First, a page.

Part of this, it’s really important that in the process of evaluation of treatment that causation is considered and a proper process is gone through. Medical conditions like sleep apnea, substances, habits, alcohol, prescription medications, find out what may be driving and causing is a fundamental part of assessment. Now, give me the numbers doc, what do I need to know?

So here are the new cut points, healthy is anything below 120 on the top, and below 80 on the bottom. What I think of as sort of the yellow warning light is the 120-130, while on the bottom you’re still below 80. This is part of the new flag, hey there’s something going on, things are starting to head off the rails, pay attention, engage. 130-140 on top, over 80-90 on the bottom, is the new stage one hypertension. Now I think of this sort of as the orange zone if you will. You might need medication.

Then, 140 and above on the top and greater than 90 on the bottom, the numbers we’re used to, is the new stage two, or the red zone. No one should stay in this zone with accurate numbers and should use medication if needed to help bring that down. Now there had been some controversy before as to risk versus benefit in different groups of people in the 140-160 range, they’re not getting into that. They’re saying, here’s the line for everyone, again, it should be individually applied.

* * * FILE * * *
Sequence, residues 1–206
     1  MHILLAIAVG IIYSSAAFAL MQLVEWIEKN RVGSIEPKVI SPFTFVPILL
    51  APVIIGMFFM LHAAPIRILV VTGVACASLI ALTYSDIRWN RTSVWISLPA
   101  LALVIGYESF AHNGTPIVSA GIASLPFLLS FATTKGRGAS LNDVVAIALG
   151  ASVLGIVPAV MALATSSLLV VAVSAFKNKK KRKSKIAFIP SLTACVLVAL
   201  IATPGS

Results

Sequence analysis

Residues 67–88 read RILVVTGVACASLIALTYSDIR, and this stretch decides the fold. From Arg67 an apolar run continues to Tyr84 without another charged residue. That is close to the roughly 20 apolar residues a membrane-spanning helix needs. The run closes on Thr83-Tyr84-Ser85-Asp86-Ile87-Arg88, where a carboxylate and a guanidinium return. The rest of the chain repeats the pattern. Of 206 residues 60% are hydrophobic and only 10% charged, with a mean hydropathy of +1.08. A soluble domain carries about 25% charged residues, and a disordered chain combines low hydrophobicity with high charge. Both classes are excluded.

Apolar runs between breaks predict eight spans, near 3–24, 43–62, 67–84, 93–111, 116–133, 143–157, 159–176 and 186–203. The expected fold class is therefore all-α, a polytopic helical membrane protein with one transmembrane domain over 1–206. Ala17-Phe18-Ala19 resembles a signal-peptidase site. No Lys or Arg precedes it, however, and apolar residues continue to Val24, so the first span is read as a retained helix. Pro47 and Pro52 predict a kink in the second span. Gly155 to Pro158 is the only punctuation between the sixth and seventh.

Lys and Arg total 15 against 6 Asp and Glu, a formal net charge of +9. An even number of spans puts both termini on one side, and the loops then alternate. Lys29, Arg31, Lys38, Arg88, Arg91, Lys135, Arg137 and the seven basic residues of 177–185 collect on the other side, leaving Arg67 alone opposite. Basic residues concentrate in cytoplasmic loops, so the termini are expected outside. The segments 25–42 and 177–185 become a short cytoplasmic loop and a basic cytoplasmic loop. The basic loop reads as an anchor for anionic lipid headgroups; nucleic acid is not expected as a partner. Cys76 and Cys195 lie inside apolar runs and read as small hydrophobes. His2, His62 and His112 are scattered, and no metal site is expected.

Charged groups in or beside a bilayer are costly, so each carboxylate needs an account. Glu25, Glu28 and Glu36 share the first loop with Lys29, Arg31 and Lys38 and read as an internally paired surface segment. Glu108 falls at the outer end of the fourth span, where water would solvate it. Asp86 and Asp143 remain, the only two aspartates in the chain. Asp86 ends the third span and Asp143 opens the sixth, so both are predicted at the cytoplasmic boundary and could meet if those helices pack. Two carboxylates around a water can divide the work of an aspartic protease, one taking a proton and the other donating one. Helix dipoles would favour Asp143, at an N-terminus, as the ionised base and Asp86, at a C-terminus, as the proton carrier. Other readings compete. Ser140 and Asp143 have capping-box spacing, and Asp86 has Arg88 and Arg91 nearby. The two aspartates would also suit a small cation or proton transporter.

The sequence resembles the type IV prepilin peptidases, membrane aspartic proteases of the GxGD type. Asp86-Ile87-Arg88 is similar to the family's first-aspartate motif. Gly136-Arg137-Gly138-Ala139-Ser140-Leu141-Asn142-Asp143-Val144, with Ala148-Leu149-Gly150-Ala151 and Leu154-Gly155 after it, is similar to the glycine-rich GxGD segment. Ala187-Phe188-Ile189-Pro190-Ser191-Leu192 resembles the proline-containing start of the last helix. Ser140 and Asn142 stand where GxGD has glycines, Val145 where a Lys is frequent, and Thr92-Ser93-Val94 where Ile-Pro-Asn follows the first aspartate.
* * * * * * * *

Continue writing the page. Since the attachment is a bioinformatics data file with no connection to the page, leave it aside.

So let’s talk about this orange zone. Here’s where things vary for different people. If you have a certain kind of known disease, or at high risk of certain significant diseases, your targets change. So if you have these conditions, your goal is to get out of the orange zone, meaning below. For otherwise healthy people the goal is to get out of the red zone, below that 140/90, to minimize your risk of heart disease and strokes in particular.

One thing that I really appreciate, the new guidelines make a point that non drug, translate that, lifestyle, approaches need to be number one. They need to be foundational. Any kind of high blood pressure, or encouraged even if you’re normal, should be keep the system running well. Base your treatment plan on treating the cause.

2017 ACC/AHA/AAPA/ABC/ACPM/AGS/APhA/ASH/ASPC/NMA/PCNA guideline for the prevention, detection, evaluation, and management of high blood pressure in adults: a report of the American College of Cardiology/American Heart Association Task Force on Clinical Practice Guidelines. Whelton PK, Carey RM, Aronow WS, Casey DE Jr, Collins KJ, Dennison Himmelfarb C, et al. Hypertension, 2017.

Marc Braman, MD, MPH

Dr. Braman is board certified in preventive medicine/public health and occupational/environmental medicine. He is founding member, second President and first Executive Director of American College of Lifestyle Medicine and founder and current president of the Lifestyle Medicine Foundation which created He provides lifestyle medicine care in a wide variety of settings as well as initiating efforts to establish professional standards for the field of lifestyle medicine and planning and conducting national professional conferences in lifestyle medicine.